If you have considered all alternate options and have finally decided to file for bankruptcy, then there are a few things you should know before you begin. Filing your own petition can be quite a daunting task and seeking professional help in Milwaukee, WI will save you a lot of stress – Wisconsin Debt Advisors can help you file.
It also can give you peace of mind knowing that you are in experienced hands, instead of waging the battle all alone. Nevertheless, knowing what is involved in the filing process even before your approach a legal counsel, can help you speed up the whole process and help you choose one wisely.
Read on as we give you a step-by-step guide on how to file for bankruptcy.
Types of bankruptcy
Before we jump to the steps involved, it helps to familiarize yourself with the two types of bankruptcy options.
Chapter 7 bankruptcy is also called as “straight bankruptcy” or “liquidation”. This involves selling most of your assets to repay your debt. With this option, you can clear most of your debts and start afresh. But it is not without its disadvantage, as it will reduce your credit score in the process.
Though this seems like a straightforward option, qualifying for a chapter 7 is difficult due to stringent eligibility criteria that includes a ‘means test’. It also does not allow high income individuals or those with a high number of assets and imposes limits on some types of debts.
A Chapter 13 bankruptcy is different from chapter 7 in that it does not involve selling of your assets but lets you repay your debt with a repayment plan that typically spans over a period of 3 to 5 years. A chapter 13 is usually filed, if your income exceeds chapter 7 limits.
Once, the course of the repayment plan is successfully completed, you are deemed debt-free. Like the chapter 7 option, this one comes with its own set of rules and eligibility criteria.
Steps To File For Bankruptcy
The very first step will be to create an inventory with all the information pertaining to your finance.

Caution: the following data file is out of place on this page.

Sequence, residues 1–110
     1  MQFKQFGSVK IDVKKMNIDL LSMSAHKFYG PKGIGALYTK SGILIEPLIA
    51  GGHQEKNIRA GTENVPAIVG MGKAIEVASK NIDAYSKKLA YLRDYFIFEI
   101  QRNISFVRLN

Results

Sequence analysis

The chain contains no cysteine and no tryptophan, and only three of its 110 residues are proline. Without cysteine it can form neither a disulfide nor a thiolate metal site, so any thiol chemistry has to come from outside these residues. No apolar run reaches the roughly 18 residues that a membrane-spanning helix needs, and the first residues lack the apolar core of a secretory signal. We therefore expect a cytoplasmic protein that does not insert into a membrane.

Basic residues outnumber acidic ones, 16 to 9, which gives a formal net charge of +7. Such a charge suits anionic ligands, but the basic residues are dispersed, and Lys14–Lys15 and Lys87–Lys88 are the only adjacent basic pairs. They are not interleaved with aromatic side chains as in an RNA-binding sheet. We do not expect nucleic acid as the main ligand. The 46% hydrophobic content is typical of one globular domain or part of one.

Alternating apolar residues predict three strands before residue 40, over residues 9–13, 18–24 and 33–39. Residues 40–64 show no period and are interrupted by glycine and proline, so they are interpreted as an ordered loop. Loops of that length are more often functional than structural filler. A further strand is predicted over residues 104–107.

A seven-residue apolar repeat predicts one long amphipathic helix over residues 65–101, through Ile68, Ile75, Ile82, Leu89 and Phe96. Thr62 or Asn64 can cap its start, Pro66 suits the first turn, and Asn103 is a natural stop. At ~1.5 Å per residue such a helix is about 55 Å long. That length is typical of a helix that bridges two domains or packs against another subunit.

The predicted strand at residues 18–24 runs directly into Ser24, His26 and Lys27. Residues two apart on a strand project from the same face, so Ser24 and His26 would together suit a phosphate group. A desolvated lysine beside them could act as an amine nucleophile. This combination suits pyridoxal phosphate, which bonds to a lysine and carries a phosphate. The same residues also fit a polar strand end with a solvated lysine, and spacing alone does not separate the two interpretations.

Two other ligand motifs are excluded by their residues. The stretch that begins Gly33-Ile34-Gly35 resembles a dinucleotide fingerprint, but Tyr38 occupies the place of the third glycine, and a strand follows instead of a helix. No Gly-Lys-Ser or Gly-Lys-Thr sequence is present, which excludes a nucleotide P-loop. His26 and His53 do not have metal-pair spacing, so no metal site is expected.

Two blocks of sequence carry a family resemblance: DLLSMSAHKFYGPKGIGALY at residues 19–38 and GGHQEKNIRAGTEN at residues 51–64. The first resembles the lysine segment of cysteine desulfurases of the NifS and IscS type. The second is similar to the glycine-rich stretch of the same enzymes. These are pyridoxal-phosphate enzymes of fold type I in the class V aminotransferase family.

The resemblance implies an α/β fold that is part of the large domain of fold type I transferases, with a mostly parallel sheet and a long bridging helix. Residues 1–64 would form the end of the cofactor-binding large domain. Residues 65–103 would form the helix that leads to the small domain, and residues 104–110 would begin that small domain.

- Income information
This is not just information on your regular monthly income but should include all the money you may receive from other sources like bonds, shares, pension, any part-time jobs etc.
This list should include all your other financial commitments such as utility, food, rent, mortgage, medical expenses, child support, alimony etc.
- Debt information
This should contain information about all the debts, their respective creditors, the interest rates and the current status of these debts.
This list should include everything that can be liquidated and not just your physical assets like your property and your car. So include details of any bonds, shares, stocks and your savings account. Though basic things like food, clothing and furniture come under ‘exempt property’, any particularly expensive piece of furniture or clothing can also be listed.
- Credit counseling
Before you go ahead with filing your petition, you must complete a mandatory credit counseling from a U.S trustee program approved organization. Your inventory will help the agency decide the type of bankruptcy suitable for you.
Upon completion, you will receive a certificate that should be submitted along with your bankruptcy forms. Without this, your petition will be rejected straight away, in case you think of taking one after filing your petition.
When you file for bankruptcy, the court will appoint a trustee to your case, who will work on behalf of the creditors. The trustee will access your assets and also verify the details filled on your bankruptcy forms. So all the information that you gathered in point number 1 will come in handy here.
- Meeting with the creditors – the 341 meeting
Once the bankruptcy is accepted, the next step involves a formal meeting at the trustee’s office between you and the creditors. You will have to answer all question regarding your assets, the debt and why you are filing for bankruptcy.
- Debtor education counseling
Depending on the type of bankruptcy, you will either have a post bankruptcy counseling after the 341 meeting (Chapter 7) or before your last payment (Chapter 13).
Once all your debt is repaid, a debt discharge is granted that deems you debt-free and relieves you from all legal obligations. However, not all debts can be discharged and some debts like student loans, alimony etc cannot be written off and need to be paid by the debtor.
Get help before it’s too late
Even though it is possible to file your own petition for bankruptcy, in reality, many end up losing valuable time and even have their petitions denied due to incorrect information or errors. This will only worsen the situation for you instead of helping your recover from your debt.
Seeking professional help from an attorney in Milwaukee, WI will not only speed up the process for you but can also increase the odds of a successful petition.